rolling block: A form of firearm action where the sealing of the breech is done with a circular shaped breechblock able to rotate on a pin. The breechblock is locked into place by the hammer, thus preventing the cartridge from moving backwards at the moment of firing. By cocking the hammer, the breechblock can be rotated freely to reload the weapon.
rimfire: A type of firearm cartridge that used a firing pin to strike the base's rim, instead of striking the primer cap at the center of the base of the cartridge to ignite it (as in a centerfire cartridge). The rim of the rimfire cartridge is essentially an extended and widened percussion cap that contains the priming compound, while the cartridge case itself contains the propellant powder and the projectile (bullet).
ricochet: is a rebound, bounce or skip off a surface, particularly in the case of a projectile.
Reflector (reflex) sight: A generally non-magnifying optical device that has an optically collimated reticle, allowing the user to look through a partially reflecting glass element and see a parallax free cross hair or other projected aiming point superimposed on the field of view. Invented in 1900 but not generally used on firearms until reliably illuminated versions were invented in the late 1970s (usually referred to by the abbreviation "reflex sight").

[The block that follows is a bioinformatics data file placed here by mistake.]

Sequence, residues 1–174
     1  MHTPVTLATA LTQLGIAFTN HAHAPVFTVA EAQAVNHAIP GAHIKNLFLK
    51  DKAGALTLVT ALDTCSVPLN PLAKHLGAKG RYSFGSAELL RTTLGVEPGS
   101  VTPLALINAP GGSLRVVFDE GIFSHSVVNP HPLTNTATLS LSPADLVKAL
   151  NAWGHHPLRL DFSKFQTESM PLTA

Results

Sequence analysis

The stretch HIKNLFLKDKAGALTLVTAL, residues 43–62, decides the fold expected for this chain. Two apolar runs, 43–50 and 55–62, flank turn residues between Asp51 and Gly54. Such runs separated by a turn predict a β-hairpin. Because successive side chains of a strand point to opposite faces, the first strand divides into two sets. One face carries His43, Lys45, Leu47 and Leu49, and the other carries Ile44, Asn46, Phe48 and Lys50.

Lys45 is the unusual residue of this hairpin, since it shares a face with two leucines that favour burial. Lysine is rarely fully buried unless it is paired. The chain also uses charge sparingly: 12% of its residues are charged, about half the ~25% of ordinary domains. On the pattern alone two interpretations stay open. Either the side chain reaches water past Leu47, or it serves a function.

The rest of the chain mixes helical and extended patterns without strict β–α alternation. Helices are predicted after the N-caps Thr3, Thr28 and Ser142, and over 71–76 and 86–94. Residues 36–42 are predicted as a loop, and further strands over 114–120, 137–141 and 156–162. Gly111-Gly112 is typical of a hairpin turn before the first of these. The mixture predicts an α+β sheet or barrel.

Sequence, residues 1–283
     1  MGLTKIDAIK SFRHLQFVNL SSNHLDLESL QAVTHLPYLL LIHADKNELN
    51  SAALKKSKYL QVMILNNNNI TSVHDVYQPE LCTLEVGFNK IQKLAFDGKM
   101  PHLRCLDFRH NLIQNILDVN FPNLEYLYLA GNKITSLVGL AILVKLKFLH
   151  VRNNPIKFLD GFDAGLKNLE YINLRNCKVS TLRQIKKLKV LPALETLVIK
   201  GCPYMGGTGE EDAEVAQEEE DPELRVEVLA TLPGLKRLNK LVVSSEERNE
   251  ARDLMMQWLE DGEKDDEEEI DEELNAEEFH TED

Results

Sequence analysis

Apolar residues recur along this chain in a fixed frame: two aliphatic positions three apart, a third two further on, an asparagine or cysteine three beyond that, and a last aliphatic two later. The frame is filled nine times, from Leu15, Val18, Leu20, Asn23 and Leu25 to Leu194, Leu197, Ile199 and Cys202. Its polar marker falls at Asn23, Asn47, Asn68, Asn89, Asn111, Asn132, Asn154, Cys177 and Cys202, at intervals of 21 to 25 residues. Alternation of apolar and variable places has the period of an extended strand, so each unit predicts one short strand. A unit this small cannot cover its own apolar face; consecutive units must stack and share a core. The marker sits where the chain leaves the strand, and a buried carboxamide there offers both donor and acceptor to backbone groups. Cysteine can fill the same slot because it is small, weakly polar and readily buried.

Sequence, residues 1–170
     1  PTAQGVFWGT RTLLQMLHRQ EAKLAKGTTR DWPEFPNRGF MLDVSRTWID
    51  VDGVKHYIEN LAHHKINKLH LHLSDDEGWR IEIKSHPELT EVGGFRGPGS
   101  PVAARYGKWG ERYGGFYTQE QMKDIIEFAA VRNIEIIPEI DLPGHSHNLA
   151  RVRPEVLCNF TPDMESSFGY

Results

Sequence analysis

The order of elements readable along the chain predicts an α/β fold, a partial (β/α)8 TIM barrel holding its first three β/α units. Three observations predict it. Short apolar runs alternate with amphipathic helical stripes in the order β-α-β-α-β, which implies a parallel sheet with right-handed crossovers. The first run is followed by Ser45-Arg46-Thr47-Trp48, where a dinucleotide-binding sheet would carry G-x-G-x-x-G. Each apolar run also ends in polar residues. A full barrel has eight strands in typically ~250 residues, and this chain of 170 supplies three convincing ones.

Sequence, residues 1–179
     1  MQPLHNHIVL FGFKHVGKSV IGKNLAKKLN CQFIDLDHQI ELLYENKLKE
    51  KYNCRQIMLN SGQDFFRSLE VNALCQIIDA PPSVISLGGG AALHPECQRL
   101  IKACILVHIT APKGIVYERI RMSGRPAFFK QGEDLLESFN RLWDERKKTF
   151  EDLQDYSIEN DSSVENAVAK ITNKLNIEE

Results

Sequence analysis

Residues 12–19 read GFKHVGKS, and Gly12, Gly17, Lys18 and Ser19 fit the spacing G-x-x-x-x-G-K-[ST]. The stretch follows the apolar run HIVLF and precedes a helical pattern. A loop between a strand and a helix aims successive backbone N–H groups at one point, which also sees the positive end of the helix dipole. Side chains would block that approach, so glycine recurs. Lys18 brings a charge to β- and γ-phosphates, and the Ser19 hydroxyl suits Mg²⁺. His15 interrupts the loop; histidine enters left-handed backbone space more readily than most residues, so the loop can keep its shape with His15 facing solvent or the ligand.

|Red dot sight||
Red dot sight a type of reflector (reflex) sight for firearms that gives the uses a red light-emitting diode as a reticle to create an aimpoint.
recoil: The backward momentum of a gun when it is discharged. In technical terms, the recoil caused by the gun exactly balances the forward momentum of the projectile, according to Newton's third law. (often called kickback or simply kick)
receiver: the part of a firearm that houses the operating parts.
|rate of fire||
rate of fire: the frequency at which a firearm can fire its projectiles.
pump-action: A rifle or shotgun in which the handgrip can be pumped back and forth to eject a spent round of ammunition and to chamber a fresh one. It is much faster than a bolt-action and somewhat faster than a lever-action, as it does not require that the shooter remove their trigger hand during reloading. In rifles, this action is also commonly called a slide action.
POI: point of impact.
POA: point of aim.